TORONTO STAR 13th February 2003.
Court sides with doughnut sellers
Damage award set at $400,000 Country Style held partly at fault.
An Ontario court judge has awarded damages of $400,000 — an unusually high amount — to two Toronto owners of a Country Style Doughnut shop.
Justice Sandra Chapnik, of Ontario Superior Court, found that the doughnut shop chain, Country Style Food Services Inc., failed to act protect the two shop owners when the landlord of their East York location began construction beside it in 1999.
"When the ship began to sink, the franchisor (Country Style) left its charge afloat in turbulent waters,
without a life jacket," Justice Chapnik wrote with metaphorical flourish in her decision, released
"In response to the franchisees' initial desperation, and with a spasm of energy, Country Style did
extend a helping hand, but it failed to pull the floundering swimmer to safety," the judge wrote. "Due to its own tenacity, the franchisee managed to survive the flood and reach the shoreline. It was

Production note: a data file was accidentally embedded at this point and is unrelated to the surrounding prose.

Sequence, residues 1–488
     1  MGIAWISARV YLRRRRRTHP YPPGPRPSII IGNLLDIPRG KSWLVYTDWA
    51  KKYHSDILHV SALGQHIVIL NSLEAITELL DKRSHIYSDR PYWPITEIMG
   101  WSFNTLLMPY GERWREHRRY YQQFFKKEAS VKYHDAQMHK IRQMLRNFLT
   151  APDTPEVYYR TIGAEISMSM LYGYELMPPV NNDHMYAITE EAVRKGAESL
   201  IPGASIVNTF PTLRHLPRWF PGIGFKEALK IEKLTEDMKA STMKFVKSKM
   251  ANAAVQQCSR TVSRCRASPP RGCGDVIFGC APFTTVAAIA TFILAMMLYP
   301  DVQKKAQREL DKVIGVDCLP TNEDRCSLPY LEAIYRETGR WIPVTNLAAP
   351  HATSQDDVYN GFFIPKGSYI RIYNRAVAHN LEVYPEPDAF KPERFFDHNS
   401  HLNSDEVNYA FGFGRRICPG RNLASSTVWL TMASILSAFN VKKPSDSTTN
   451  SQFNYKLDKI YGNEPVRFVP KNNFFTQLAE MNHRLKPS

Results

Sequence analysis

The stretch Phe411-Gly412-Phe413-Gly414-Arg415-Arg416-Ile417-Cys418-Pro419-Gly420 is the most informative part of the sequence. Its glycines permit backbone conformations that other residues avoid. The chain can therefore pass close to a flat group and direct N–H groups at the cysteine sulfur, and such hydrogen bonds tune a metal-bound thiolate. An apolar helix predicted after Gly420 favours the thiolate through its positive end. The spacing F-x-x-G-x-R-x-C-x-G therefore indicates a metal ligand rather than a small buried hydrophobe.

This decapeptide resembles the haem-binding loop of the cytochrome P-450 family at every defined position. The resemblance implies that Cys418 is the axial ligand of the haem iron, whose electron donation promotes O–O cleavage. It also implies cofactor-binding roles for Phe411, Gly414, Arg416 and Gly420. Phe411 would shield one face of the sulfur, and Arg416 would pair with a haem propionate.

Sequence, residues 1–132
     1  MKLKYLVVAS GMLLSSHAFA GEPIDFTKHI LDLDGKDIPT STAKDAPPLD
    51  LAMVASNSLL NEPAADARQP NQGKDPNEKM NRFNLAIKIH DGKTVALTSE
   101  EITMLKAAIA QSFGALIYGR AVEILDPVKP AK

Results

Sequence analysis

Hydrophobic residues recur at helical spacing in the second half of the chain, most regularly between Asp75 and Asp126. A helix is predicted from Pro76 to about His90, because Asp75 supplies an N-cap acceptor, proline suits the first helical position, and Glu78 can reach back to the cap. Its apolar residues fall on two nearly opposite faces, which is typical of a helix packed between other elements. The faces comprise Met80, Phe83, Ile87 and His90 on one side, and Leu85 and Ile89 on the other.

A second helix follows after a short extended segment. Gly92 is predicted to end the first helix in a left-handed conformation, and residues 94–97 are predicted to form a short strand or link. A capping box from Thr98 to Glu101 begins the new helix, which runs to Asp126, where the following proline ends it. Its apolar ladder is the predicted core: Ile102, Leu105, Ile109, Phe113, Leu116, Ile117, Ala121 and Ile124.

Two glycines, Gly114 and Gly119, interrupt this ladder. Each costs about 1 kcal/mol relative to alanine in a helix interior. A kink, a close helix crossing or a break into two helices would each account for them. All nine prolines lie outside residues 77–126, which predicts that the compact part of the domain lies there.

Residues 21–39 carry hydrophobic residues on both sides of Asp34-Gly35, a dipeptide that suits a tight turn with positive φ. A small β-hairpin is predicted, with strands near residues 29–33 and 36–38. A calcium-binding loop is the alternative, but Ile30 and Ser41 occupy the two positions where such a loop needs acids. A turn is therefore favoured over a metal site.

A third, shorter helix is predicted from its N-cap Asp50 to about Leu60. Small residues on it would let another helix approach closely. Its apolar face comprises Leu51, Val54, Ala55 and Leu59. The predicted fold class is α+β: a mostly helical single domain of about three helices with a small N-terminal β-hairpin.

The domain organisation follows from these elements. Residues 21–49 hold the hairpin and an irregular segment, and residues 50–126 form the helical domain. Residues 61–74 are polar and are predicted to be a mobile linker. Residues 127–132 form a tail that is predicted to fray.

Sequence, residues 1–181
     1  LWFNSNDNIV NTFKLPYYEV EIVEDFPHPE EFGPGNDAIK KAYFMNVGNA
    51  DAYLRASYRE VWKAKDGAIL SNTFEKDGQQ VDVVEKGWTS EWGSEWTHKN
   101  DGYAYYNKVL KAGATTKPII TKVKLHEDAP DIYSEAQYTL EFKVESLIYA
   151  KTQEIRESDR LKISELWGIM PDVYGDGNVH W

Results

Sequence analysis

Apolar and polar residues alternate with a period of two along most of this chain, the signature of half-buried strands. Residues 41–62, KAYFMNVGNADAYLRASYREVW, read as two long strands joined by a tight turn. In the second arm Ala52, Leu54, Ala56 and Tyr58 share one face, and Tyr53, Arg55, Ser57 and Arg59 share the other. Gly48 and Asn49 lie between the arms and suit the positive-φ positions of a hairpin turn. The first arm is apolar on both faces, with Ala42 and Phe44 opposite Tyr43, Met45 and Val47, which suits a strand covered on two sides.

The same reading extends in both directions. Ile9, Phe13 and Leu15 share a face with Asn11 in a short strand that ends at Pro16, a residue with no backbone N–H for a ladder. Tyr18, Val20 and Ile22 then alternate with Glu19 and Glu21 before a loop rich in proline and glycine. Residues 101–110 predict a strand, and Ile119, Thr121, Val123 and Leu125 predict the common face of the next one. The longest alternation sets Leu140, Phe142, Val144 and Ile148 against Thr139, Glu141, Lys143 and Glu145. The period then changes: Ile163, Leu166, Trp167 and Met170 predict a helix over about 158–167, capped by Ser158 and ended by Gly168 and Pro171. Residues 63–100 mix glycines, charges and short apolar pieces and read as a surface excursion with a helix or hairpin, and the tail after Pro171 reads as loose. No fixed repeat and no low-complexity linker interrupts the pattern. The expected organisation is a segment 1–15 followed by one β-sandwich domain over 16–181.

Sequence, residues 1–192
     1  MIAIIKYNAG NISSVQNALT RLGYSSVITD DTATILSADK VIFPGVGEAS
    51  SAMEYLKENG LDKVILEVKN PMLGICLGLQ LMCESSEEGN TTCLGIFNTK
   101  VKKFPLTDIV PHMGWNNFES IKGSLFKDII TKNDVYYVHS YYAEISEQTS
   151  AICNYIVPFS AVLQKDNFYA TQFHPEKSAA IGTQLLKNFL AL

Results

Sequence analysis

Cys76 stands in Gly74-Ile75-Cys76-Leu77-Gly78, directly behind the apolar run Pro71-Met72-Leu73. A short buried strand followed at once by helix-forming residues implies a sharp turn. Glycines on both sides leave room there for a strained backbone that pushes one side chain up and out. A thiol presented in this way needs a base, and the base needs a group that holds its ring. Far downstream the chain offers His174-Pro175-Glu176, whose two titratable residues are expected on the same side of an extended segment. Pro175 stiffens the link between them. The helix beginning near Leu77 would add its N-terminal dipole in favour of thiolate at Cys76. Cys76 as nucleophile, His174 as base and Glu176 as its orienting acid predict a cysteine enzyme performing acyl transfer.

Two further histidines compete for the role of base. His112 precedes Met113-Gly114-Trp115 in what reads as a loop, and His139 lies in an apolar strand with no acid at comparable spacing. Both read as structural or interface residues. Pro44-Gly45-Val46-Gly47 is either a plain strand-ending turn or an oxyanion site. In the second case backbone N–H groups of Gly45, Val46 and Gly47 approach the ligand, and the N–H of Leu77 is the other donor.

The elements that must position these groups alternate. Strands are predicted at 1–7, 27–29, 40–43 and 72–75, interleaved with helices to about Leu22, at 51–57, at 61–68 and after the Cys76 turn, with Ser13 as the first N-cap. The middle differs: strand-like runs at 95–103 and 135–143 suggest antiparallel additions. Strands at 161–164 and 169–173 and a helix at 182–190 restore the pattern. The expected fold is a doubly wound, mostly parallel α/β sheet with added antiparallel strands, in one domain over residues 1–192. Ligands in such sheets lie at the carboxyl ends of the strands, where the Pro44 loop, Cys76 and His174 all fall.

however, left in a shivering state, vulnerable and uncertain about its future."
Country Style and the franchisee's landlord, an Ontario numbered company owned by developer
Howard Orfus, are jointly responsible for paying the damages, the judge ruled.
Country Style plans to appeal the judgement, the company's lawyer, Arnold Zweig, said yesterday.
Franchisees Marc Mesic and his brother-in-law Zeljko Vukovic are thrilled by the decision, their
lawyer said in an interview.
"This was a very important case to them," lawyer Wolfgang Kaufmann said. "They had a lot riding on
it and they feel very much that they have been vindicated by the court. I don't think there are too many cases where franchisees have been awarded these kind of damages."
The high damage award makes this case unusual, said Les Stewart, head of the advocacy group
Canadian Alliance of Franchise Operators.
"This is almost a U.S.-style award. I've never heard of this in Canada," he said, adding that some 5,000 franchise-related lawsuits are filed every year in Ontario.